I saw this article in the JI this afternoon about another state representative running unchallenged, and it made me think about those sorts of seats. Not just seats where there aren’t two major party candidates, but “safe” districts all across the state.
The natural question popped into my head–just how many “swing” districts are really out there? And how would this look on a map?
First, I plotted the seats where only one major party candidate is running (sorry, Greens, Concerned Citizens and the Independent party, but I’ll eat my laptop if one of you actually wins). Here’s the map (blue = Democrat running unopposed by a major party candidate, red = Republican running unopposed by a major party candidate):
CT House of Representatives 2008 – Uncontested districts
That’s a surprising amount of the map covered. 54 districts, according to the latest count (and the count on this page from the SOTS). Yes, it’s a little less than in previous years… but that’s still more than a third of all districts!
Now for the tricky part. Which districts have candidates from both major parties, but are considered to be “safe”? This is harder. The metric I used is districts which were won by more than 20% in 2006, which is a pretty wide split. Here’s what that looks like:
CT House of Representatives 2008 – “Safe” Districts
This isn’t always the most reliable way of figuring out which districts are “safe.” A strong challenger can emerge (think of Derek Donnelly last year, who came within two points of unseating Ruth Fahrbach, whose district was thought to be “safe”), or for whatever reason a party won’t nominate someone in a swing district. And some districts swing more than others. Some will reliably elect a Republican or a Democrat by, say, 10% every election. Others will vary widely.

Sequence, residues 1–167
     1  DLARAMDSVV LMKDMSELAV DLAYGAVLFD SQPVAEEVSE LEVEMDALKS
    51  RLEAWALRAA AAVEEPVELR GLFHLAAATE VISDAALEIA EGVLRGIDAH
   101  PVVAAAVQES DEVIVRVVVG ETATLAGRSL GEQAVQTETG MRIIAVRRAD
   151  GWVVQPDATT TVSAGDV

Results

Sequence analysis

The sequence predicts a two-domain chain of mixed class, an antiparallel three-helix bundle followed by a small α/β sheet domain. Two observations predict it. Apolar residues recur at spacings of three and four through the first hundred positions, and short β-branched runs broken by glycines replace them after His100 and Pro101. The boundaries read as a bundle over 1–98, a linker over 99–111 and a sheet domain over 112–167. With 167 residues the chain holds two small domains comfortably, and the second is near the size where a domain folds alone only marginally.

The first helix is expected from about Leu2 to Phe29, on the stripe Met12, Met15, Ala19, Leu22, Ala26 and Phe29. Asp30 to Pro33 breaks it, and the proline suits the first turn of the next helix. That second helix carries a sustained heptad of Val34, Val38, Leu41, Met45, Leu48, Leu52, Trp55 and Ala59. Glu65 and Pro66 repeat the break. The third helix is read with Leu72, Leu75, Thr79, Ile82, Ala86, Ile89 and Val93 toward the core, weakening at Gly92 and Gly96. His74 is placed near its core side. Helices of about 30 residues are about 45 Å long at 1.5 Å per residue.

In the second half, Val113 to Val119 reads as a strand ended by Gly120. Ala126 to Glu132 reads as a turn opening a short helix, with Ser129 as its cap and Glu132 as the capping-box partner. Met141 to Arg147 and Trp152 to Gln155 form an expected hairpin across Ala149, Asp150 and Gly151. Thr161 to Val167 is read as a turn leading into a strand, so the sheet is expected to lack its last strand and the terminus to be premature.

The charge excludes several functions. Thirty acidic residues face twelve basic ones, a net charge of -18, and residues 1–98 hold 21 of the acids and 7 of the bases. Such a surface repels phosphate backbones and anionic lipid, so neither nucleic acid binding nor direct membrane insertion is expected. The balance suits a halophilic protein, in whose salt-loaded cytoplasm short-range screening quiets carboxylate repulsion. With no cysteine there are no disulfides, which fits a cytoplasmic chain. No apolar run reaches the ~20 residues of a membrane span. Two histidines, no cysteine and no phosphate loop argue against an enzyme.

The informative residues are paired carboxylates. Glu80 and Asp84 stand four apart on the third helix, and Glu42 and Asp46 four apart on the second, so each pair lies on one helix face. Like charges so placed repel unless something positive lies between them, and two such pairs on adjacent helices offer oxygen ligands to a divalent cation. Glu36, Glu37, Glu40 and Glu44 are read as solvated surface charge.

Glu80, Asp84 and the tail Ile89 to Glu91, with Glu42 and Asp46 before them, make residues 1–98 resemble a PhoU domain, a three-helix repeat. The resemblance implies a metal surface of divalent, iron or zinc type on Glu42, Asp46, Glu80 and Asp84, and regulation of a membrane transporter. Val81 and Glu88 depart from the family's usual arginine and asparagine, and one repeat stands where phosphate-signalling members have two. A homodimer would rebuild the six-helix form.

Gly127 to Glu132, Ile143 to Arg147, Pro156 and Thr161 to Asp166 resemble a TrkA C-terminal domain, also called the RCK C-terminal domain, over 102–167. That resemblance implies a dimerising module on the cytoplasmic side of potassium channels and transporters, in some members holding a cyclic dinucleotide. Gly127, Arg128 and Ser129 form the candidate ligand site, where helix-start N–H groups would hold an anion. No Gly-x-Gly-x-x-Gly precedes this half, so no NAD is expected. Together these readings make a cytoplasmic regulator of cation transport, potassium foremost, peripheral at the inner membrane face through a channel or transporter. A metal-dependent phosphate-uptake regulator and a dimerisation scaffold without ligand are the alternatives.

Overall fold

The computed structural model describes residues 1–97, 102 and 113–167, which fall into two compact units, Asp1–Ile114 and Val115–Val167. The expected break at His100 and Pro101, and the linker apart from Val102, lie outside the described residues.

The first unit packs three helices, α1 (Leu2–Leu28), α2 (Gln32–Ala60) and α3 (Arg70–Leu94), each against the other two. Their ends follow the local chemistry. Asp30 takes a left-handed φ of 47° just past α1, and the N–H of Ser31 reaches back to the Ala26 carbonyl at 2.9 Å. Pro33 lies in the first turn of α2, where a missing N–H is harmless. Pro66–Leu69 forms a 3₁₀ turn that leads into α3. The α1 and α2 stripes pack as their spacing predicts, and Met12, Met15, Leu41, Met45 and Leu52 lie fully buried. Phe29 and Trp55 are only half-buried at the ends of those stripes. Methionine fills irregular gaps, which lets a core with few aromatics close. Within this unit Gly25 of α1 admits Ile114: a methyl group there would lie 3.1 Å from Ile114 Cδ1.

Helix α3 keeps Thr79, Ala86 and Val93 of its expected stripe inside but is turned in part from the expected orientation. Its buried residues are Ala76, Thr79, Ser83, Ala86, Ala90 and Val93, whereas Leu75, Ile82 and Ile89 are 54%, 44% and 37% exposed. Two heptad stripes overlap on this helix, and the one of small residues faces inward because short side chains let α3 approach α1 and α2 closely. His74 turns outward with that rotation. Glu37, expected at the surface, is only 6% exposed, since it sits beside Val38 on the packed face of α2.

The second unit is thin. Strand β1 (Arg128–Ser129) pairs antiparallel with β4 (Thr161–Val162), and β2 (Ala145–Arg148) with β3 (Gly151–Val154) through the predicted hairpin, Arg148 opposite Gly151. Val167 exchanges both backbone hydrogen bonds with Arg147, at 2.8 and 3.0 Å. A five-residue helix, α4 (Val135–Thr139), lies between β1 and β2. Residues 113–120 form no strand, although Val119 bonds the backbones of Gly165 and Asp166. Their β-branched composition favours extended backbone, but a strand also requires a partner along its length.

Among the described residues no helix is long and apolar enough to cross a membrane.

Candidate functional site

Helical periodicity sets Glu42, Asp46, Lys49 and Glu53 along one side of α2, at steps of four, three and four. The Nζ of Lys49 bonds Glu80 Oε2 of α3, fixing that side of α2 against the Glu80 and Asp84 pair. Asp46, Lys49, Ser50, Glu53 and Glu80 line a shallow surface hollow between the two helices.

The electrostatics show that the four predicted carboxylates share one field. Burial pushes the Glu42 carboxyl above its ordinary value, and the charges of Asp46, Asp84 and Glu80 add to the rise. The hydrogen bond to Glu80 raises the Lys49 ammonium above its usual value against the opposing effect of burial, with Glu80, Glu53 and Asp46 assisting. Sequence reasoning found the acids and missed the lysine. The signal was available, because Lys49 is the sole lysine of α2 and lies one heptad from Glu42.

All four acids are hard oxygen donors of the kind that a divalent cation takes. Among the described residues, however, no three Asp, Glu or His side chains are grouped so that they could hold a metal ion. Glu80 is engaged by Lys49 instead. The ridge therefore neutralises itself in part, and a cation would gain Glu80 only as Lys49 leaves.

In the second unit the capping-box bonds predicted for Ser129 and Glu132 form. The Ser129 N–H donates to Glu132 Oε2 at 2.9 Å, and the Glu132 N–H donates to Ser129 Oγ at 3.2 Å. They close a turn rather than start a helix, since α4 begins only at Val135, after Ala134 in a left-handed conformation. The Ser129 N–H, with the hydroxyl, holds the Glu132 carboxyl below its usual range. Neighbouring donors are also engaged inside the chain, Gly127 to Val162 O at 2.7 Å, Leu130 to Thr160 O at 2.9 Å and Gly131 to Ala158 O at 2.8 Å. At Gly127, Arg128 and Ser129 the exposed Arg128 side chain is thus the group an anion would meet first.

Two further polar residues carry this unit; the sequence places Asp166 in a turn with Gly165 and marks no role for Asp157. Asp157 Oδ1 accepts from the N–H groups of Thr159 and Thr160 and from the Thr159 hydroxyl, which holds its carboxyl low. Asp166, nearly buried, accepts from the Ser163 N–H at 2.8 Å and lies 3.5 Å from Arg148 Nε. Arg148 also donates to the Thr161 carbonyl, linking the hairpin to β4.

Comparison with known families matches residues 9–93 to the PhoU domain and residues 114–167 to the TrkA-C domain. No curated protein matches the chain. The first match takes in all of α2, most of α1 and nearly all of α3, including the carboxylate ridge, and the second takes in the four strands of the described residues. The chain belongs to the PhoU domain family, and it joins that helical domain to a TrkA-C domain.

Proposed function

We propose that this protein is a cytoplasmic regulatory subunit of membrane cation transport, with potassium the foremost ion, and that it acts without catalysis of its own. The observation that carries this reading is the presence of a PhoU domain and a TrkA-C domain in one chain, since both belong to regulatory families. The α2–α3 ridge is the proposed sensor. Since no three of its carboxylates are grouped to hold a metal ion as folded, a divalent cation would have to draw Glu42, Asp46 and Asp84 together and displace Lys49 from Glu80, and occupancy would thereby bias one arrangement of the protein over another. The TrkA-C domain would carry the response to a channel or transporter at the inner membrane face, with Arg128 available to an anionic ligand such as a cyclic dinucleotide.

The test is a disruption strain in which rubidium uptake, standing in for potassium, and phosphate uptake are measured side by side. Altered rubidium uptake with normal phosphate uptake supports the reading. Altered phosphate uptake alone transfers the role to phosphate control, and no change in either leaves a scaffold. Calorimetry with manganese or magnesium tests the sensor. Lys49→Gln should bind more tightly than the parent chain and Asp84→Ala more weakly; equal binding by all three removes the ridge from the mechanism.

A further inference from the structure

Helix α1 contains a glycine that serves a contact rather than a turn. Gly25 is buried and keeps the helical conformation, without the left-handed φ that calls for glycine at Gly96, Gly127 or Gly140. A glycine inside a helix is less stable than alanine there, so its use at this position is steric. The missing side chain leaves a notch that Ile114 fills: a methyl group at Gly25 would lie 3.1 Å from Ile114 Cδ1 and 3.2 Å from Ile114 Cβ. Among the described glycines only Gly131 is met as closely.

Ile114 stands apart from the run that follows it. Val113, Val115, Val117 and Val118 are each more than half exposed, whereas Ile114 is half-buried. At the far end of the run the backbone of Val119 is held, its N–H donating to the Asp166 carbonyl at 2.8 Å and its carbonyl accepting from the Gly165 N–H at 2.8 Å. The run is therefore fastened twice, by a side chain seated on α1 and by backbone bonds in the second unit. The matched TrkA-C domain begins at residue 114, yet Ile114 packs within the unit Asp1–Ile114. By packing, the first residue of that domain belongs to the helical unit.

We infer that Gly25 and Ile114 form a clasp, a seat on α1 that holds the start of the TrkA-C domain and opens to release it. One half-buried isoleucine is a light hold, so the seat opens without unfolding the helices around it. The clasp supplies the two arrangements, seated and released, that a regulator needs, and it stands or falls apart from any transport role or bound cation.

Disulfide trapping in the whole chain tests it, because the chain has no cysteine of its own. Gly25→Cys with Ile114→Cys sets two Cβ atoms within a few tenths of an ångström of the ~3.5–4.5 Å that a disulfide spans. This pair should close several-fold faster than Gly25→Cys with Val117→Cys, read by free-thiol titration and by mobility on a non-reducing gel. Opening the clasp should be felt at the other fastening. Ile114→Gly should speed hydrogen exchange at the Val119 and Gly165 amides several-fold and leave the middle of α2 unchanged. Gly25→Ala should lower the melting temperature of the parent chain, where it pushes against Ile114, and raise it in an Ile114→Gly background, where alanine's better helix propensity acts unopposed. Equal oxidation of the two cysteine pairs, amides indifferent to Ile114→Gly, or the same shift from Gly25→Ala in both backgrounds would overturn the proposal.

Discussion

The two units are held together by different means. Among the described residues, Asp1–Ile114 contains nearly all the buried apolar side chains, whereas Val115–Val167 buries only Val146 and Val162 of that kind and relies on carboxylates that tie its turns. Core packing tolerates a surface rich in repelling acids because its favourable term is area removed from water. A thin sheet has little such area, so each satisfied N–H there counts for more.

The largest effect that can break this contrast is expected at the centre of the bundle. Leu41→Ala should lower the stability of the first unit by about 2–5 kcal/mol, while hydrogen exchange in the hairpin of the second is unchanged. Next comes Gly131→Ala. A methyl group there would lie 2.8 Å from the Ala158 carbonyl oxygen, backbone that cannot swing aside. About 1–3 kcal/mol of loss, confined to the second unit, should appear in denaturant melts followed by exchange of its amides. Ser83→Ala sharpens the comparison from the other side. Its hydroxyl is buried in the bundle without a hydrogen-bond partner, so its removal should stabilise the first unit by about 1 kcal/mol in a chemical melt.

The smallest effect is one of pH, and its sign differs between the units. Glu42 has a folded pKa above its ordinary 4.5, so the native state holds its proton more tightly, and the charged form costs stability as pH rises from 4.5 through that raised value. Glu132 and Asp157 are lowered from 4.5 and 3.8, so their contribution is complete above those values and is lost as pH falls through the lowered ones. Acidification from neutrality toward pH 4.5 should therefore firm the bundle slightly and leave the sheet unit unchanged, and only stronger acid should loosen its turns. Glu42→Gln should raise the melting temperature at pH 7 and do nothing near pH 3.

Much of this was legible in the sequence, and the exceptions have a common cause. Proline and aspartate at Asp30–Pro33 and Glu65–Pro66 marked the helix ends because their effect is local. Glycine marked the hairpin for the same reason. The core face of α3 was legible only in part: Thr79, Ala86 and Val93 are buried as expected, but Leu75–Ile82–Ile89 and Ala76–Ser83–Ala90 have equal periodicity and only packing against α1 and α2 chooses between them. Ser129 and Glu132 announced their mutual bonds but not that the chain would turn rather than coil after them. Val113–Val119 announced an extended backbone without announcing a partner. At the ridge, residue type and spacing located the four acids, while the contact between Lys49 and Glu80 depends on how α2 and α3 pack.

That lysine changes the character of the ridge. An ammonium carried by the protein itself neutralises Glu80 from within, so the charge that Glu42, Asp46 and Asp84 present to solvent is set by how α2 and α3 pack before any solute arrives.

There will be a few surprises in the “safe” districts, there’s no doubt about it. But by and large, barring some sort of major political reversal, the vast majority of the districts on the map will stay the same. The districts remaining, the swing districts, number about 24.
Meaning that even if Republicans run the table in the swing districts, they won’t come anywhere near a majority. They would have to make major inroads into traditionally “safe” Democratic areas in the eastern and central parts of the state, as well as along the southwestern shore, if they ever hoped to regain the majority they lost for the last time in 1986.
Here’s a handy chart of the swing districts on the map, for your reference (click to make larger):